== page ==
The mother of the sons of Zebedee with her sons kneeling before Christ,
Designed by Father Jerome Nadal (1507-1580) and Bernardino Passeri (1530-1585),
Engraving by Hieronymus Wierix (1553–1619) ,
Issued in 1593, Antwerp
From the book Evangelicae Historiae Imagines
© Alamy / Christian Art

The mother of the sons of Zebedee with her sons kneeling before Christ,
Designed by Father Jerome Nadal (1507-1580) and Bernardino Passeri (1530-1585),
Engraving by Hieronymus Wierix (1553–1619) ,
Issued in 1593, Antwerp
From the book Evangelicae Historiae Imagines
© Alamy / Christian Art

Gospel of 28 February 2024

Then the mother of Zebedee’s sons came with her sons

Matthew 20:17-28

Jesus was going up to Jerusalem, and on the way he took the Twelve to one side and said to them, ‘Now we are going up to Jerusalem, and the Son of Man is about to be handed over to the chief priests and scribes. They will condemn him to death and will hand him over to the pagans to be mocked and scourged and crucified; and on the third day he will rise again.’

Then the mother of Zebedee’s sons came with her sons to make a request of him, and bowed low; and he said to her, ‘What is it you want?’ She said to him, ‘Promise that these two sons of mine may sit one at your right hand and the other at your left in your kingdom.’ ‘You do not know what you are asking’ Jesus answered. ‘Can you drink the cup that I am going to drink?’ They replied, ‘We can.’ ‘Very well,’ he said ‘you shall drink my cup, but as for seats at my right hand and my left, these are not mine to grant; they belong to those to whom they have been allotted by my Father.’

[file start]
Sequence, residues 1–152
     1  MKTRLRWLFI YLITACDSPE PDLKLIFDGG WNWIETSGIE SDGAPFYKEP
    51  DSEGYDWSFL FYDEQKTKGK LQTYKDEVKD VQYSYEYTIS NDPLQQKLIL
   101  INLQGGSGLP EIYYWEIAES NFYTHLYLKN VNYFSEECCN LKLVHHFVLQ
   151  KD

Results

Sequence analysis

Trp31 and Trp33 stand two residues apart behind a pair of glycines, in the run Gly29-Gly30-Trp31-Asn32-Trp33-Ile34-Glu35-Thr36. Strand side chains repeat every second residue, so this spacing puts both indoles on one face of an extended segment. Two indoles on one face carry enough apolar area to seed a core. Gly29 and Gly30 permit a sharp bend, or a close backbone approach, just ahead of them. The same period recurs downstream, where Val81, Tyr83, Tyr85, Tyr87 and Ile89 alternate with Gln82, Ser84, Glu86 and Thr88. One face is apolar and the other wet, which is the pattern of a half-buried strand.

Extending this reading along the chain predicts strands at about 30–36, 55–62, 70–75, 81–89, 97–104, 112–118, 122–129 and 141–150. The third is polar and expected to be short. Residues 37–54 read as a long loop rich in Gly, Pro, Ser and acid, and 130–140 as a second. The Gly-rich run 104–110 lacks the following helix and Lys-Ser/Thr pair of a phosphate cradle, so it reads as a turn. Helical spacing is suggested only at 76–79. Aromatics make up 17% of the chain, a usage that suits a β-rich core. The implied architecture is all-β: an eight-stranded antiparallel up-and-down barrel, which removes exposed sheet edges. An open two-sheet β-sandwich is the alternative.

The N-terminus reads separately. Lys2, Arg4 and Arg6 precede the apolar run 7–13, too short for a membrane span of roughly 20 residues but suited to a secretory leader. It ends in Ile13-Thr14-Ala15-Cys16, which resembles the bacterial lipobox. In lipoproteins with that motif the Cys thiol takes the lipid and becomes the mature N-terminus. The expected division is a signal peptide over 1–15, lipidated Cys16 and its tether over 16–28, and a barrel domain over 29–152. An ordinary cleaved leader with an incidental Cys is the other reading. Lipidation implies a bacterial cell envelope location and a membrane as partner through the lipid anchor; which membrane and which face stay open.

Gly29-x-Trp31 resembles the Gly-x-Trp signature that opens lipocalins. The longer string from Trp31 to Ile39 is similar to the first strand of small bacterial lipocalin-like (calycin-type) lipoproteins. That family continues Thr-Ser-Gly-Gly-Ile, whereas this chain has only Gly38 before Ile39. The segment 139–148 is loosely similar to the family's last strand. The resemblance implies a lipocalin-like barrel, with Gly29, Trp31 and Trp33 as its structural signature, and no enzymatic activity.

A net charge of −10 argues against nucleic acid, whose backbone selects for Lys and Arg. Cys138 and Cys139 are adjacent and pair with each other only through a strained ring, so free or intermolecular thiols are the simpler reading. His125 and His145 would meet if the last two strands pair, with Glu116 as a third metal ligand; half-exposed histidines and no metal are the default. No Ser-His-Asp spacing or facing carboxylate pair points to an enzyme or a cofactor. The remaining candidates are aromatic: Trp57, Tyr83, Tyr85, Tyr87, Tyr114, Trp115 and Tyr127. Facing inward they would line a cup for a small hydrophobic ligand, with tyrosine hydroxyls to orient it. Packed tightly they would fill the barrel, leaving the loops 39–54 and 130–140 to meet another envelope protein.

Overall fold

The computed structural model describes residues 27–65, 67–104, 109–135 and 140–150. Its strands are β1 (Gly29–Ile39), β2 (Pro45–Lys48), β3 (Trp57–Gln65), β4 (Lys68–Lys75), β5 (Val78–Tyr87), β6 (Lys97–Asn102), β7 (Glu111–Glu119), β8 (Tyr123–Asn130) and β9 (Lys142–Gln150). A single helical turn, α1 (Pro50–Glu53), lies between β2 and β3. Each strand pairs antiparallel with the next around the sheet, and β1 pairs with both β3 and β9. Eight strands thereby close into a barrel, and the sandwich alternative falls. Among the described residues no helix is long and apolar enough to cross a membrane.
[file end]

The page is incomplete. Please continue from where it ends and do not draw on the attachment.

When the other ten heard this they were indignant with the two brothers. But Jesus called them to him and said, ‘You know that among the pagans the rulers lord it over them, and their great men make their authority felt. This is not to happen among you. No; anyone who wants to be great among you must be your servant, and anyone who wants to be first among you must be your slave, just as the Son of Man came not to be served but to serve, and to give his life as a ransom for many.’

Reflection on the engraving

Saint Ignatius of Loyola, the founder of the Jesuit order, knew how important images were to the faithful. Art could bring people God and help proclaim the Good News. So Ignatius approached Father Jerome Nadal (1507-1580) and asked him to design a book that presented episodes of the Gospels with pictures, explanatory texts, and pious meditations. Father Nadal compiled and designed the Evangelicae Historiae Imagines (or Images of Gospel History). One of the illustrations in there is the artwork for today depicting the wife of Zebedee with her two sons kneeling before Jesus.